The Black Knights placed 10th overall and received the “Regional Engineering Inspiration Award” at the Indiana State Championships, held in Kokomo on April 14-16, 2016.
Placing in the top ten secures their place at the FIRST World Championship competition (April 27-30, St. Louis), and winning the Regional Engineering Inspiration Award resulted in a $5,000 grant from NASA to cover that competition’s entry fee!
The Regional Engineering Inspiration award was given in recognition of “outstanding success in advancing respect and appreciation for engineering within a team’s school and community.”
The nearly 40-member student team has won awards at the two other competitions they’ve participated in this season. They won the “Judges’ Award” at the Tippecanoe District Tournament (West Lafayette, Ind.) March 11-13. They also received the “District Engineering Inspiration Award” at the Perry Meridian District Tournament (Indianapolis) March 24-26.
Members of the 2015-2016 team include: Conrad Adams, Edward Atkinson, Sam Battalio, Jacob Bobson, Soren Campbell, Kayla Cole, Chris Dell, Adam Dewey, Alec Evans, Austin Finnessy, Aaron Fish, Kenny Ham, Cole Harding, Lizzie Heisler, Cason Jones, Chase Kidder, Bayley Lackie, Jimmy Leibengood, Alexis Marks, Jenni Muñoz, Aileen Norton, Tyler Nowak, Aidan Palonis, Nathan Petrie, Connor Russell, Frank Salek, Caitlin Stabelfeldt, Tyler Styles, Conner Swift, Andrew Umbaugh, Zach Varmette, Blake Witchie, Evan Witous, David Wojciechowski, Brandon Wood, and Brandon Ziegert.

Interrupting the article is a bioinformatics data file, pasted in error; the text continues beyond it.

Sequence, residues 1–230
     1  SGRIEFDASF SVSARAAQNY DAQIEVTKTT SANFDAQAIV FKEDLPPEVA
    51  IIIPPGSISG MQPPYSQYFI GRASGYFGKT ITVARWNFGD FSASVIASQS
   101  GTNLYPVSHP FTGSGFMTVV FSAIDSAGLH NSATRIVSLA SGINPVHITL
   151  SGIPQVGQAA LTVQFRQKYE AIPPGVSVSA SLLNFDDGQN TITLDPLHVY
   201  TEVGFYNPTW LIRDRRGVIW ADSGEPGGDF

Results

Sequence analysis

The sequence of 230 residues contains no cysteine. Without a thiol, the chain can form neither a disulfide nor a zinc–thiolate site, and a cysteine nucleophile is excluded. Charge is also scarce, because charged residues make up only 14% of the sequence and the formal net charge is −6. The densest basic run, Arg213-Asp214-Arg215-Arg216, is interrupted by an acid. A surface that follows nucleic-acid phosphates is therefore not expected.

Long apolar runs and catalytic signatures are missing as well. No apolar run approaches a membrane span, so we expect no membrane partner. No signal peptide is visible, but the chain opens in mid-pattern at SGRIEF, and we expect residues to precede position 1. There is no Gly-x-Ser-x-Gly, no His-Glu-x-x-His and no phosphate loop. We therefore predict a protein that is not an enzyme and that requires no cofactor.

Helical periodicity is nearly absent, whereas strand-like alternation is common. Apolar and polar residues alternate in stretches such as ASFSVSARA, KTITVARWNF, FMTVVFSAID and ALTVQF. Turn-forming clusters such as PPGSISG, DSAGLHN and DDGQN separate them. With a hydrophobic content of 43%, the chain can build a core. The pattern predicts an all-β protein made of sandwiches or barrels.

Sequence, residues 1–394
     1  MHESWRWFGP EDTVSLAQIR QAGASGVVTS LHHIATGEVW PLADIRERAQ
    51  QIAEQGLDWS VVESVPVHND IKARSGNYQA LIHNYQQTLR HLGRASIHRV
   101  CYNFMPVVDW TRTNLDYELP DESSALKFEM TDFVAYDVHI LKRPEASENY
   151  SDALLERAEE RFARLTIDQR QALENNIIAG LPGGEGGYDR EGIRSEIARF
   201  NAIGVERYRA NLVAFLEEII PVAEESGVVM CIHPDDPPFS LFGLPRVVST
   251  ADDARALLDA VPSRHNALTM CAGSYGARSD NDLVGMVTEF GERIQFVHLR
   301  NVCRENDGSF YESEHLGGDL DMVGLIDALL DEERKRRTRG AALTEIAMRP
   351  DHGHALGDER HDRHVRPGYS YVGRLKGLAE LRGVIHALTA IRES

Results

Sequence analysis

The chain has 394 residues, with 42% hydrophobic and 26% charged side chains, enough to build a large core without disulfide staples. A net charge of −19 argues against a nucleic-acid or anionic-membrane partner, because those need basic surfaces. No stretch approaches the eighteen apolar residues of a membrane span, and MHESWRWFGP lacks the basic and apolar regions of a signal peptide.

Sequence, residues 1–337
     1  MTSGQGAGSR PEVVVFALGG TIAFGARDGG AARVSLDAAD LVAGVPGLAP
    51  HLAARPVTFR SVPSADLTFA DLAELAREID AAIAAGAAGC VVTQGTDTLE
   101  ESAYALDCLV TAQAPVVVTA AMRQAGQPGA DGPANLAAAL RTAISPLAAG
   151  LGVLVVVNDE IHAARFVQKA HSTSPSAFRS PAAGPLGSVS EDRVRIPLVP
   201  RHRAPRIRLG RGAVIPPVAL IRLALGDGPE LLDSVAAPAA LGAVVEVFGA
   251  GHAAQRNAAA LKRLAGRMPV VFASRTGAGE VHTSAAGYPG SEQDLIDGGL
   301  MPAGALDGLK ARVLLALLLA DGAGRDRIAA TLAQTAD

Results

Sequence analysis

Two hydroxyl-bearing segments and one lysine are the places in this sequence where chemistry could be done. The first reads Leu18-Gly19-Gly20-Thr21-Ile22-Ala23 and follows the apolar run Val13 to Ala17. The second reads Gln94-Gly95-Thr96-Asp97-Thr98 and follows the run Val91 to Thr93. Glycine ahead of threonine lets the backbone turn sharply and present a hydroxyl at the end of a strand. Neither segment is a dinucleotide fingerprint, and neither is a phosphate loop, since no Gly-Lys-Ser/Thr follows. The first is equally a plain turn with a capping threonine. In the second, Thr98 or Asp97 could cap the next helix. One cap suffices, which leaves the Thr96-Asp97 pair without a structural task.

The team is very appreciative of their Penn Faculty Coordinators Jim Langfeldt and Josiah Parker, as well as many adult mentors who graciously volunteer their time and talent: Holly Austin, Joe Bishop, Allie Bishop, Grant Carlile, Andy Edelbrock, Tom Evans, Liz Kindelan, Tom Leathers, Jacob Pelletier, Troy Stablefeldt, Bob Stevenson, Robin Varmette, Andrew Whiteman, Bill Whiteman and Don Zmudzinski.
Through participation in FIRST Robotics Competition, the Penn robotics students experience the excitement of science, engineering, technology and innovation. They build life capabilities such as self-confidence, communication and leadership, while also qualifying for over $25 million in college scholarships!
And Team 135 gives back to the community through various problem-based learning projects. In May 2015, several team members collaborated with other Penn students to build a prosthetic arm using a 3-D printer for Madison Elementary School third grader Grace Hildreth. “The Hand of Grace” project received widespread recognition and media coverage locally, across the state, and even nationally.
Also a part of Team 135’s regular activities are visits to P-H-M’s elementary and middle schools to inspire younger students and invoke interest in STEM classes and activities and eventual careers.
Team 135 is thankful for its community sponsors who have provided ongoing support, along with grants from the Penn-Harris-Madison Education Foundation. It takes a total of $70,000 to fund the championship team’s endeavors for the competition season, and the students have been busy raising money since last August.
Funding is still needed to cover the costs not only for the expensive supplies it takes to build the robots (such as aluminum, batteries, and control system components), as well as travel expenses for the entire team.
Please check out the team’s website to see other accomplishments, view videos of the team in action, or find the donation link: http://www.team135.org/